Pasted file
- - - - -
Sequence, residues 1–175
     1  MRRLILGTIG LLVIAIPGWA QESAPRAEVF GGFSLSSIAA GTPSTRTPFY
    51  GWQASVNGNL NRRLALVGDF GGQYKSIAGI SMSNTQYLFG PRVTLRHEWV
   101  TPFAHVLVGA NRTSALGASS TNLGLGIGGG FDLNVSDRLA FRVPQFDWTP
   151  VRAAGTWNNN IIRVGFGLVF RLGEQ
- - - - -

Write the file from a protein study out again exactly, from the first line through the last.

Sequence, residues 1–175
     1  MRRLILGTIG LLVIAIPGWA QESAPRAEVF GGFSLSSIAA GTPSTRTPFY
    51  GWQASVNGNL NRRLALVGDF GGQYKSIAGI SMSNTQYLFG PRVTLRHEWV
   101  TPFAHVLVGA NRTSALGASS TNLGLGIGGG FDLNVSDRLA FRVPQFDWTP
   151  VRAAGTWNNN IIRVGFGLVF RLGEQ